Two international organizations expressed, on Wednesday, their concern about the increasing curtailment of freedom of expression in the Kurdistan region.
This came in a joint report issued by the United Nations Human Rights Office and the United Nations Assistance Mission for Iraq "UNAMI", published by the latter's website.
The report said: "There is a disturbing pattern observed between March 2020 and April 2021 in Kurdistan, whereby people who exercise their legal right to report or criticize the public authorities in the region are targeted."
He added, "Freedom of expression in the Kurdistan region of Iraq has been increasingly curtailed over the past year, as critics of public authorities have not only been exposed to the risk of intimidation, restrictions on their movements, and arbitrary arrests but some have also been accused of defamation, while others have recently been tried under national security laws."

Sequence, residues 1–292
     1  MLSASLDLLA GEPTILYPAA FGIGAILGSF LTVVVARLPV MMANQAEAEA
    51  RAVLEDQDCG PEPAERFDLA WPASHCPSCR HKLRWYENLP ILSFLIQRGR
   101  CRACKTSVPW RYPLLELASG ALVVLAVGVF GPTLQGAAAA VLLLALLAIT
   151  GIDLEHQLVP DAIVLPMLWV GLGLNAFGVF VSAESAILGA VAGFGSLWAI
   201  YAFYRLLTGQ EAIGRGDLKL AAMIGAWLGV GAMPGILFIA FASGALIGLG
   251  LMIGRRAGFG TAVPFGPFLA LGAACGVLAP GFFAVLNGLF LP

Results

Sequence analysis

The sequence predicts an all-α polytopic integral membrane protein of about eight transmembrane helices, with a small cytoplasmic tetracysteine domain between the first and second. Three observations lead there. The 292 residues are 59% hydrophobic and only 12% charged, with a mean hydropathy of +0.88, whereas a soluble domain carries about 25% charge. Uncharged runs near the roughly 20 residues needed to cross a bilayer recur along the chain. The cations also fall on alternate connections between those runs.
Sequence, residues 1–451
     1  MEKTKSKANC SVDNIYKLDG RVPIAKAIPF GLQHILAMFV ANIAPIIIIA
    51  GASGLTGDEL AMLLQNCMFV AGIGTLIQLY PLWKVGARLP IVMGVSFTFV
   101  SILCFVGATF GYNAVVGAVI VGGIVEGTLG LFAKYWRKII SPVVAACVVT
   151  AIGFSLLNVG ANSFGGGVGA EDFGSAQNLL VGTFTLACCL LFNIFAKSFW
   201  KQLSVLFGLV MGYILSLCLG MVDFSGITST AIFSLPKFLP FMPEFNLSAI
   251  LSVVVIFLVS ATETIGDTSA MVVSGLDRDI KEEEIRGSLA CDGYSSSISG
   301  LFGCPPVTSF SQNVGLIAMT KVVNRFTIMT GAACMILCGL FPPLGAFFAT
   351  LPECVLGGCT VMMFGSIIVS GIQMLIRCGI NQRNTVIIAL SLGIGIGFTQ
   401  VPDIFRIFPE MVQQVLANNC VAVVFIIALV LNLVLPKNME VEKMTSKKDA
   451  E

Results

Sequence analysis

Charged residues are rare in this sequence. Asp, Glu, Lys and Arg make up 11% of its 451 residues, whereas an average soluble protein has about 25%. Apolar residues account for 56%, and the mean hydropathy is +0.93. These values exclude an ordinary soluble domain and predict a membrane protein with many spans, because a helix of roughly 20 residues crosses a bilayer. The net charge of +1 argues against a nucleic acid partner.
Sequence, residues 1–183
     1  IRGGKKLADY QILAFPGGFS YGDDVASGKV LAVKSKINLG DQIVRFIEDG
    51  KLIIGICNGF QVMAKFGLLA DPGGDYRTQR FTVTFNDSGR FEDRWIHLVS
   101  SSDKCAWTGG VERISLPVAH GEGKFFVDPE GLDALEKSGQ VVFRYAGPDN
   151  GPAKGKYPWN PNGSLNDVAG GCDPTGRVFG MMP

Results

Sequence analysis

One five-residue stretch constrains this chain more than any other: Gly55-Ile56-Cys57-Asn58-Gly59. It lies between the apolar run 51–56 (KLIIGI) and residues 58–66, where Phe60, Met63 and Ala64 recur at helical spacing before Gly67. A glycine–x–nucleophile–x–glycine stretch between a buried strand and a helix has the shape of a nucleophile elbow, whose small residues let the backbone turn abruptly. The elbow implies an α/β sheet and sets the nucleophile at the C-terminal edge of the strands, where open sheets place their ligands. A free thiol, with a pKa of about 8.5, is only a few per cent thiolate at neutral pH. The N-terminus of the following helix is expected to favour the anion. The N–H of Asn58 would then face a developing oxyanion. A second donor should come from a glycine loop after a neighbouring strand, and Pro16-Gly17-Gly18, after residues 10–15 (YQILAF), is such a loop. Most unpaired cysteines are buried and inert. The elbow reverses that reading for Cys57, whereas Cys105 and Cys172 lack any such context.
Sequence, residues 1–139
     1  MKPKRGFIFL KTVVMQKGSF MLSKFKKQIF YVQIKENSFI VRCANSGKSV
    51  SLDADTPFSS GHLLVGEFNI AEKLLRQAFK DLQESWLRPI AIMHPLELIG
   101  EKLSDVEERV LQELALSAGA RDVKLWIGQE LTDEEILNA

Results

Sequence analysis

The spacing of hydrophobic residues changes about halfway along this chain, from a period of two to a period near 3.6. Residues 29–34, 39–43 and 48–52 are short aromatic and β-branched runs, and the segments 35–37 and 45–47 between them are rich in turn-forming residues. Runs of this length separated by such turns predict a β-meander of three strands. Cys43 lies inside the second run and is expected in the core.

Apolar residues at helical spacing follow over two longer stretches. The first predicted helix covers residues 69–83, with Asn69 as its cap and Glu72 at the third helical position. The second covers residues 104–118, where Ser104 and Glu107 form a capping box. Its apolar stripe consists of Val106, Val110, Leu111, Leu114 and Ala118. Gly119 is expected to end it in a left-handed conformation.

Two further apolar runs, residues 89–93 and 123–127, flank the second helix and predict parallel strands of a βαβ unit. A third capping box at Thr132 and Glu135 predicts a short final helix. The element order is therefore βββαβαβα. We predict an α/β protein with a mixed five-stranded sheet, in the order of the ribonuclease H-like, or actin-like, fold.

The United Nations High Commissioner for Human Rights, Michelle Bachelet, said, according to the report, that "while recognizing that the authorities of the Kurdistan region face challenges ... locally, regionally and internationally, the main findings of this report are of great concern."
Bachelet criticized "the behavior of the security services in the region, the selective application of laws, and the failure to comply with the relevant laws, procedures and international standards for human rights."
For her part, the head of the "UNAMI" mission, Jeanine Hennis Blasshardt, said, according to the report, that "transparency, accountability, and openness to interrogation are vital to any healthy democracy."
The report urges "the Kurdistan region authorities to take immediate steps to provide full protection for the right to freedom of expression and end the harassment, intimidation and retaliation against journalists, human rights defenders and activists."
Last year, the authorities in Kurdistan arrested 7 activists and journalists for organizing protests, and 5 of them were sentenced last February to 6 years in prison for “attempting to destabilize the security and stability of the region,” while the court decided to release a journalist and an activist due to insufficient evidence.